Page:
The Benue Government says Government College Katsina-Ala, the oldest secondary school in the state, is undergoing ” massive renovation” to give it a facelift.
The state Commissioner for Education, Prof. Dennis Ityavyar, told the News Agency of Nigeria (NAN) in Makurdi that the school that was established in 1915 is the oldest in the state.
Ityavyar, however, dismissed speculations that the academic standard in the school had fallen.
He said that the structures in the school were old but were ” under renovation”.
He said the Old Boys Association of the school were also assisting in the renovation.
Ityavyar also said that the State Government had constituted a committee to investigate the issues surrounding land encroachment in the school, saying the committee had already submitted its recommendations.
“The school as you can see, is very old, so old schools usually have the challenge of decayed infrastructure. There is every need to regularly renovate the classrooms and dormitories.
“We have just completed the renovation of Government College, Makurdi, which was also in real bad shape, ” he said.
According to him, government has commenced the process of issuing Certificate of Occupancy to all government schools in the state to prevent land encroachment.
NAN reports that GCK was founded as Benue School in 1915 by Rev. Bargery and originally sited at Wannue in present Tarka Local Government Area of the state.
NAN further reports that it transformed into Benue Provisional School in 1952, Government Secondary School in 1960 and Government College, Katsina-Ala in 1981.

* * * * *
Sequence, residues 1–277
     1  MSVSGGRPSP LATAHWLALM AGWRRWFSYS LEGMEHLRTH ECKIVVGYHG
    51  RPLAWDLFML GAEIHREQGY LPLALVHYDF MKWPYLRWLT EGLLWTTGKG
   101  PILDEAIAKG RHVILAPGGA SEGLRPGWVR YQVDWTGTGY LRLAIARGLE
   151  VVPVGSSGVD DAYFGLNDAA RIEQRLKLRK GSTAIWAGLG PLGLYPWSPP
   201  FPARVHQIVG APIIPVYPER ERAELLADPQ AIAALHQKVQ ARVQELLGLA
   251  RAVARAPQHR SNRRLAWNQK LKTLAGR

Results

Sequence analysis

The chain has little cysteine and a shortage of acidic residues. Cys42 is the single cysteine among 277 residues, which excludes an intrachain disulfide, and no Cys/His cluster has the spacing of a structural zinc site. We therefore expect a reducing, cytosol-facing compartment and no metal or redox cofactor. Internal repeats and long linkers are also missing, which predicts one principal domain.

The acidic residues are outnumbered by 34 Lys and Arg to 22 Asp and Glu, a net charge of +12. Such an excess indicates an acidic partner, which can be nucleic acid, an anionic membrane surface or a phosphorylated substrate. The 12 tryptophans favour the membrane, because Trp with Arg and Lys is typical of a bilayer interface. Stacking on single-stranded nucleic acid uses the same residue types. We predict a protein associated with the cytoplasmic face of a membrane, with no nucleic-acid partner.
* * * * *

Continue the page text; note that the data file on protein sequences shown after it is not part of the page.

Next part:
The ex-students said the school was a shadow of its former self.
He said the old boys were currently renovating the old structures in the school.
He said he would not send his children to the school owing to its fallen standards and decay in infrastructure.
“Our school infrastructure were second to none but all that have deteriorated. As I speak to you now, only recently, retired Lt.-Gen.TY Danjuma, an old student of the school, donated N60m for its rehabilitation.
“Also, my set, set 1980, is currently renovating the Principal’s Office and Staff Room. Each time I pass there I weep. The place has been defaced with shops. You hardly know that there is a school there”.
The VC recalled that during their time they had teachers from all over the world coming to teach them which also showed the quality of teaching and instructions they received.
“We had teachers from UK, America, Ghana and Cameroon; so you can understand in terms of quality what you will get, but certainly not today.
Also speaking, another former student, Isaac Iyorhen, said both academic standards and infrastructure of the school had fallen.
Iyorhen, an Engineer, said:”I won’t recommend that school for any of my children or relatives’’.
Iyorhen blamed the dilapidation partly on insecurity in the area and appealed to all to come to the aid of the school.
He said everything was good for learning during their time at the school from which he graduated in 1982.